Considered the company’s “flagship app,” Human Anatomy Atlas is a comprehensive 3D atlas of the human body. It includes more than 6,000 structures from all body systems: nervous, skeletal, circulatory, muscular, digestive, urinary, lymphatic, endocrine, and reproductive. All the models, including both male and female body types, are 3D with the ability to move the models to rotate, zoom, dissect, and add anatomical features. Once a structure is selected, students can access encyclopedic definitions, common pathologies, pronunciations, MRI images and cadaver images. Students can also take quizzes to test their knowledge, create and save body tours, and more. A unique feature with Atlas 2020 is the integrated Augmented Reality options (available with iPhone/iPad).
Anatomy & Physiology
This app provides a step-by-step introduction to the complete human body system by system. It is structured similarly to a traditional undergraduate-level textbook, and the company’s Courseware product, with commonalities in content, organization (i.e. chapters/modules), reviews and ungraded quizzes. It contains units for each body system consisting of unit checklists to identify learning objectives for each body system, informational videos, animations, and interactive 3D models of key structures. Students can take notes, control accessibility options (e.g. captioning), select languages and download images.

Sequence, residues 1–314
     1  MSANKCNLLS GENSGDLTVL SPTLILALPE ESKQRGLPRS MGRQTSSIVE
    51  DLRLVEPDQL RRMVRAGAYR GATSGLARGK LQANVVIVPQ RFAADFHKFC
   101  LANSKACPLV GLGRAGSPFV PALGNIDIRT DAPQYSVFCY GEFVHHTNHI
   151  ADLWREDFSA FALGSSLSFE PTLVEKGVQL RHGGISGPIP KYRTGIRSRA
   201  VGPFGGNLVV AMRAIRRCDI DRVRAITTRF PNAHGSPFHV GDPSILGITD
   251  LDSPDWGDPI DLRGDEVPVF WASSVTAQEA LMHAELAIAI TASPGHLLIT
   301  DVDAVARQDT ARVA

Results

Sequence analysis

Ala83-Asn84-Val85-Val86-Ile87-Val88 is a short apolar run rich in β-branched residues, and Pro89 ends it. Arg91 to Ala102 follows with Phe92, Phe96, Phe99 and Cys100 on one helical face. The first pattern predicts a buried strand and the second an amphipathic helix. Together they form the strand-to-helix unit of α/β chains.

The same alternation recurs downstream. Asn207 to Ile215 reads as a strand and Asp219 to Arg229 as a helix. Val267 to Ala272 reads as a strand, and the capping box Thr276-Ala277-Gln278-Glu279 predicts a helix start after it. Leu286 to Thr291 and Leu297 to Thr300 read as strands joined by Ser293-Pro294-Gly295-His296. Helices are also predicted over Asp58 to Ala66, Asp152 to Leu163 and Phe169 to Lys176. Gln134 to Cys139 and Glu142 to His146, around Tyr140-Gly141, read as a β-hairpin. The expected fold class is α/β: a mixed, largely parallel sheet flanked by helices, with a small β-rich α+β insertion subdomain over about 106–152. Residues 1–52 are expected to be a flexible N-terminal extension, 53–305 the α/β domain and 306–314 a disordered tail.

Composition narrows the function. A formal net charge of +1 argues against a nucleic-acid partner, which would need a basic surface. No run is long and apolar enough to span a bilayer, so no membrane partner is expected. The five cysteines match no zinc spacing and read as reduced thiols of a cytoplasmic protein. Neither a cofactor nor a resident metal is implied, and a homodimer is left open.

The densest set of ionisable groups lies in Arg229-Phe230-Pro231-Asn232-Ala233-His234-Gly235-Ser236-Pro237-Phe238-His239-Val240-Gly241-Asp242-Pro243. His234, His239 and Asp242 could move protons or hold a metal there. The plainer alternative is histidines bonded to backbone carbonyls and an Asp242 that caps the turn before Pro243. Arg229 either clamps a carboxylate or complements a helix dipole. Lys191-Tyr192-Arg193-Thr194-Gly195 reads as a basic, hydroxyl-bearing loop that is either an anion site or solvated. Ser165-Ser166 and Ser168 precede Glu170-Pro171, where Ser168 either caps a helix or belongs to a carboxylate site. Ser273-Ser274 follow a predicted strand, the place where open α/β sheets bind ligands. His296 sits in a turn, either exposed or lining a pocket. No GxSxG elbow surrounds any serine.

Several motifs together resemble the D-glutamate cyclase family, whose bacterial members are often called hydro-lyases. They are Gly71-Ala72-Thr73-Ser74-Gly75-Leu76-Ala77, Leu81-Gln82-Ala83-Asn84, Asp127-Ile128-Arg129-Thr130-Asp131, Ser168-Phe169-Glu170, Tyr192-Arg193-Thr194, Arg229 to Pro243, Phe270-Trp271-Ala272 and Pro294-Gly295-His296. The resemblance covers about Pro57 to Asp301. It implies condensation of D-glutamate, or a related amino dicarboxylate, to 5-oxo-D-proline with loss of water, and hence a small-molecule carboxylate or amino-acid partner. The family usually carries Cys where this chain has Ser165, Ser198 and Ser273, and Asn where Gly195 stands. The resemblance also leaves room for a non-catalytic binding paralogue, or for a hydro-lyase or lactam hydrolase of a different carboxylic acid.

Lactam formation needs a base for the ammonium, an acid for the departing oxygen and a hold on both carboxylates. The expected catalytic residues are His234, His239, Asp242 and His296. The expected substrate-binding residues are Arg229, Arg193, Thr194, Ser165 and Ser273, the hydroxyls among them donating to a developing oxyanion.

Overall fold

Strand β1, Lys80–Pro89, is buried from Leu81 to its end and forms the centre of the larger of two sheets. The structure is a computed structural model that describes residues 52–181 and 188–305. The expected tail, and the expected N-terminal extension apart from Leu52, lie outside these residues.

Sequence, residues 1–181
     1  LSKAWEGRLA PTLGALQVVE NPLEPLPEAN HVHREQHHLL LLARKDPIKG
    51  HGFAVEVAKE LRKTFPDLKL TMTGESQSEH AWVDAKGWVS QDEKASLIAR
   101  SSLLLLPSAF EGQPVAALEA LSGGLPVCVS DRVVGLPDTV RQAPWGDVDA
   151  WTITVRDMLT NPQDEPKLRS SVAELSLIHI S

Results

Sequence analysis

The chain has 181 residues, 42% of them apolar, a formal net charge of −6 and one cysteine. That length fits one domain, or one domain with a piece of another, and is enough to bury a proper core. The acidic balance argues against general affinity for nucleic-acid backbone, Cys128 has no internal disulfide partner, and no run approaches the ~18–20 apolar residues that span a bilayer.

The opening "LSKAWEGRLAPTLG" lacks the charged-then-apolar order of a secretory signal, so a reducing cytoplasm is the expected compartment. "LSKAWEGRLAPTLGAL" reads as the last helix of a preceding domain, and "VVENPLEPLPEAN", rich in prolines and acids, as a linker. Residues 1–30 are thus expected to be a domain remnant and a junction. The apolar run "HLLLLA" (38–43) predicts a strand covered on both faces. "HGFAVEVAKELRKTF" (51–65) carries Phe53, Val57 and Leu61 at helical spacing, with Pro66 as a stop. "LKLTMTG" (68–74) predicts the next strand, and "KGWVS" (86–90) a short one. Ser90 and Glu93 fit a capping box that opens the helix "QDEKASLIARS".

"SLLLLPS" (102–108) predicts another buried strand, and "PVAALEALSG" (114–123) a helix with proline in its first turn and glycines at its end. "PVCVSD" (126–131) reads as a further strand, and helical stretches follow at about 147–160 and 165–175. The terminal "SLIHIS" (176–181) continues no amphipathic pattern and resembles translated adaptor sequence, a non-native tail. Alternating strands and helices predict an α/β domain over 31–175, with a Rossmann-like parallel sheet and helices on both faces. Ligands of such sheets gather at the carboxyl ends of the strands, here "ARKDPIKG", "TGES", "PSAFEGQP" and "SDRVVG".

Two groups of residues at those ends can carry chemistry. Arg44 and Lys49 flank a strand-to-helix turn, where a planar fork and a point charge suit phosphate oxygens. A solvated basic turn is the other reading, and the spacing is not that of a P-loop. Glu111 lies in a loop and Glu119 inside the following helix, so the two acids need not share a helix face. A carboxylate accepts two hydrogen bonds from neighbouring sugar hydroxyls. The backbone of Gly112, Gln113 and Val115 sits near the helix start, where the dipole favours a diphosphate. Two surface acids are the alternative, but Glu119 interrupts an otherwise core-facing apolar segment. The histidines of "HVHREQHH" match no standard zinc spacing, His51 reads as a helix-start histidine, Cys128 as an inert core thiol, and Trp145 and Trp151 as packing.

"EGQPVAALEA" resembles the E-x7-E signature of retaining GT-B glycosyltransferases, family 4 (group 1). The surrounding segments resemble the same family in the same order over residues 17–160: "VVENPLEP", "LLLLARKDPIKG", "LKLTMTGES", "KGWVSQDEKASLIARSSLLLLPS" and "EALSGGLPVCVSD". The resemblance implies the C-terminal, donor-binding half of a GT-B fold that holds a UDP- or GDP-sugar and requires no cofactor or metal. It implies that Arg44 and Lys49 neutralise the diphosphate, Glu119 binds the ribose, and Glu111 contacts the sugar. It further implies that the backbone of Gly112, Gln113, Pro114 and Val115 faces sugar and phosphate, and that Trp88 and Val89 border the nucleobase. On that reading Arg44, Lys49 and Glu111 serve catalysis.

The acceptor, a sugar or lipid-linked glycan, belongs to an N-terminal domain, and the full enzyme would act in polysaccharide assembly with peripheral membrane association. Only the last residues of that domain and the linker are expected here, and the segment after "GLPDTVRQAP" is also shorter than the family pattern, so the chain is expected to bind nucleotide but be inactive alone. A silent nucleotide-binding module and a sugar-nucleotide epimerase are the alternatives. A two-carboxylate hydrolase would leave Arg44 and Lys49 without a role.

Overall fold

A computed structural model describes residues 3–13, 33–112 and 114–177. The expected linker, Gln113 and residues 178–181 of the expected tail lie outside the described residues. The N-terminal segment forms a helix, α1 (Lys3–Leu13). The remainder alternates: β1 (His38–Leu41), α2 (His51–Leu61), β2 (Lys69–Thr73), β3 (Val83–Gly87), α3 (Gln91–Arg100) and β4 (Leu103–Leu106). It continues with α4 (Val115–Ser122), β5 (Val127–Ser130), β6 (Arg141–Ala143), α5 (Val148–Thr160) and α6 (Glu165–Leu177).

The Muscle Premium app provides a comprehensive reference of musculoskeletal structures and functions, plus common injuries and conditions. 3D models concentrate specifically on the muscles of the body and include animated demonstrations of the movements muscles perform individually and in groups. Additionally, it includes modules on the biomechanics of joints such as the hip and knee, and joint pathologies. The views are organized by the various regions of the body. The user can “layer on/off” more body structures on top of the selected muscles for a more complete view. It includes definitions, pronunciations and pathologies. The user can create “insertion points” where the muscles of the body attach. It also includes a growing collection of practitioner videos with deeper explanations.